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Beaverton OR 97008

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Does your mother trust you?

Caregiver , SYNERGY, Elderly , Senior , Alzheimers , TrustI’m a consultant who works with small businesses. I’m currently working with one of my client’s employees on the topic of trust – we’re reading the book “The Speed of Trust” by Stephen R. Covey. Not surprisingly, I’ve been thinking about trust in non-business terms, too…most specifically about the “trust relationship” between myself and my elderly mother. I’ve been her in-home caregiver for a little over a year now, but our closeness goes way back

We’ve shared a strong bond most of our lives. Maybe it’s because I’m the baby of the family and the only girl…but whatever the reason…Mom and I are very close.  As she has aged, my mother has relied upon me more and more for care, support, advice and help. Unfortunately, she also trusts others less as she ages. This has been a challenge because I can’t do it all alone! We have several professional caregivers who provide respite care when I need to go on business trips, am sick, or sneak off to a movie.

This week we are “breaking in” a new caregiver…and TRUST is a hurdle we will have to overcome. After some experience, I have collected the following tips to share with you. I hope they are helpful.

 BUILDING TRUST WITH A NEW CAREGIVER

  • Plan ahead. Don’t wait for a crisis. Assess your caregiver needs early on and be proactive.
  • Allow time for trust to build. Build-in time for a relationship to develop. I usually stay home for the first few visits from a new caregiver. Though my thrifty father thinks this is a waste of money, since a caregiver “isn’t needed” when I’m at home…I know the importance to my mom that she have time to get acquainted with the new caregiver, with the security of knowing I’m  just a shout away.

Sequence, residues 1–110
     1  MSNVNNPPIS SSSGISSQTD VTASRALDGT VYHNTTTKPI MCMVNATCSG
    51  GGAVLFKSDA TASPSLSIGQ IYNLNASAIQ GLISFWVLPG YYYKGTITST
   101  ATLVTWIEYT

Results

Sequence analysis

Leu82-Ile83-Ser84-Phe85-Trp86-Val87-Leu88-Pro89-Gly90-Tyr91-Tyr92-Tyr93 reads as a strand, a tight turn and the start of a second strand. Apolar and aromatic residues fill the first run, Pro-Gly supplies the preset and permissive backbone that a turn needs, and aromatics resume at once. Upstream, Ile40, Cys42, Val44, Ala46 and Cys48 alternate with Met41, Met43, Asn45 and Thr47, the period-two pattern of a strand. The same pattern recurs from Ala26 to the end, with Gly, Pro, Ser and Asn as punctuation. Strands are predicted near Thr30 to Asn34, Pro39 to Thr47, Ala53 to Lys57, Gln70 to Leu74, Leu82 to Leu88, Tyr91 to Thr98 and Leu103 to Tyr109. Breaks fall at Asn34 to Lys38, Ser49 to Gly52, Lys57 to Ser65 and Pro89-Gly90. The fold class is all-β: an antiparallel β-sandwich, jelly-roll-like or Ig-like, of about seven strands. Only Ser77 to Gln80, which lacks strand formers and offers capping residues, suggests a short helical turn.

• Prepare the new caregiver. I usually share some of my mother’s “pet peeves” with new caregivers so they can avoid them. Mom likes her privacy and doesn’t like “chatty” folks. This is helpful information…since it’s not uncommon for new employees to be “on” and talk a lot.
  • Encourage transparency and honest communication. I always ask Mom some probing questions after a new caregiver’s visit to ensure that trust is on the horizon.
  • Don’t try to force a relationship. If Mom and the new caregiver don’t “click” (which rarely happens) I’m careful not to force it.
  • Don’t be threatened by trust developed with others. The first time my mother really bonded with a professional caregiver, I was a little “emotional” about it. Though it can be taxing at times, I obviously took pride in being my mom’s “#1” and found it a bit challenging to have some “competition.” I’ve since learned to embrace the help of others realize that they don’t pose a threat to my relationship         with my mother. 

I’d love to hear from you about your “rust relationships” with your elderly parents. What tips do you have?

Links on Trust:

Speed of Trust - Summary

How to Build and Repair Trust

Improving Communication with Older Patients

Deb S. is a business consultant who moved in with her elderly parents in September of 2013 to augment their in-home care. Her mother, 89, suffers from dementia, heart disease and diabetes; her father, 92, has terminal heart disease and has been on hospice since December, 2013. Deb writes exclusively for SYNERGY HomeCare offices in Washington and Oregon. Deb welcomes your feedback and ideas for future blog topics. debs@yvn.com 

 

 

 

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